As I turned around, I saw a guy running into the Calle Montcada and D screamed "I just got robbed!"  

My heart skipped a beat and started pounding really fast.  This can't be true. The street felt so safe! We were literately 2 blocks away from our apartment!  I quickly walked towards D and E. D frantically told us that her iphone, cash, credit card, debit card, and the only set of keys to our apartment were all gone!  

We learned that this guy was walking behind D and E.  As D and E were approaching the corner of Calle Princesa and Calle Montcada, the guy grabbed D's purse strap with both hands, forcefully pulled it down from her shoulder, ran into Calle Montcada, and disappeared into one of the even smaller streets.  People stood on the corner watching, as the whole thing went down.  No one moved.  According to witnesses, the robber was young and well dressed.  He wore a white shirt and blue denim.  Some girls thought he was with us and played a joke on D.  For the rest of the night, I hugged my purse so tight that my arms were sore.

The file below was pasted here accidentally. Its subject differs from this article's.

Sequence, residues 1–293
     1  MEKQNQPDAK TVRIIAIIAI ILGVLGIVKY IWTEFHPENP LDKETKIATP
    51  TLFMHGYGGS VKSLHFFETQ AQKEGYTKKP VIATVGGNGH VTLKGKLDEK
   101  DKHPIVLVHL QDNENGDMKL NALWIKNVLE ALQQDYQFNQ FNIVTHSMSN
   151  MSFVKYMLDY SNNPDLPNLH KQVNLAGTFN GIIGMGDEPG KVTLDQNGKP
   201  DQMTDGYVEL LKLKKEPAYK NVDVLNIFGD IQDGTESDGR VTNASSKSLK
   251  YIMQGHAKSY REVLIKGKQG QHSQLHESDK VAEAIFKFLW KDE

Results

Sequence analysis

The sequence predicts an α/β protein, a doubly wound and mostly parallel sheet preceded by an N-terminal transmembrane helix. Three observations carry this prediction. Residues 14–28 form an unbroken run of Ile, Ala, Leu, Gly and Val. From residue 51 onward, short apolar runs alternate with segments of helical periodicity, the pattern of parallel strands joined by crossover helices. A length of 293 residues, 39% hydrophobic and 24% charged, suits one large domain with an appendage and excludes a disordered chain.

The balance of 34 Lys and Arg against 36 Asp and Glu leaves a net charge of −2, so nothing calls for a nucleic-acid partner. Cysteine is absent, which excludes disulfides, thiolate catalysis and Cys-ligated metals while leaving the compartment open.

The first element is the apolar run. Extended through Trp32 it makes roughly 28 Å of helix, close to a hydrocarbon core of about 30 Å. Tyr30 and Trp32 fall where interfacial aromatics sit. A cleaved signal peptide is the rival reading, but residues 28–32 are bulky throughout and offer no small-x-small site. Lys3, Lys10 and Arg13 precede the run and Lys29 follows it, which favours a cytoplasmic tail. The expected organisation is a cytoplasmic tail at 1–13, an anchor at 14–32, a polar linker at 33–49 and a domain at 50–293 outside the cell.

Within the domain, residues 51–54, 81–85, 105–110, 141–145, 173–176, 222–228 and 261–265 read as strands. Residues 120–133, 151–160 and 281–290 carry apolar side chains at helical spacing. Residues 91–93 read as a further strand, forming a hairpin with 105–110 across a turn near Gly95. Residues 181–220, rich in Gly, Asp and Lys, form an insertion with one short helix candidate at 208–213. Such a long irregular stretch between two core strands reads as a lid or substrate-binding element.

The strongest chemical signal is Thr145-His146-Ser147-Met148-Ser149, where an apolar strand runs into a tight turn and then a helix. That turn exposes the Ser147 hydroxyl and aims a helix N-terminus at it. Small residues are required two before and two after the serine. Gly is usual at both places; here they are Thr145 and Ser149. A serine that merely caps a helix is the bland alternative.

Three local guys were kind enough to land us a much needed helping hand.  They felt sorry for what had happened to us, and told us that this type of crime was not uncommon on Calle Princesa.  It probably happened once every day.  One guy helped us to contact the police.  Another guy accompanied E to the smaller streets hoping to find D's purse.  With my local cell phone, I was able to help D cancel her credit card and debit card immediately.  I called our landlord since we were locked out of our apartment. I also called E's sister as she happened to visit Barcelona at the same time.  But I could not get in touch with neither one of them.  The police called back asking us to go to the station to file a report.  There did not seem to be anything else the police could do for us.  They did not even send a police car over.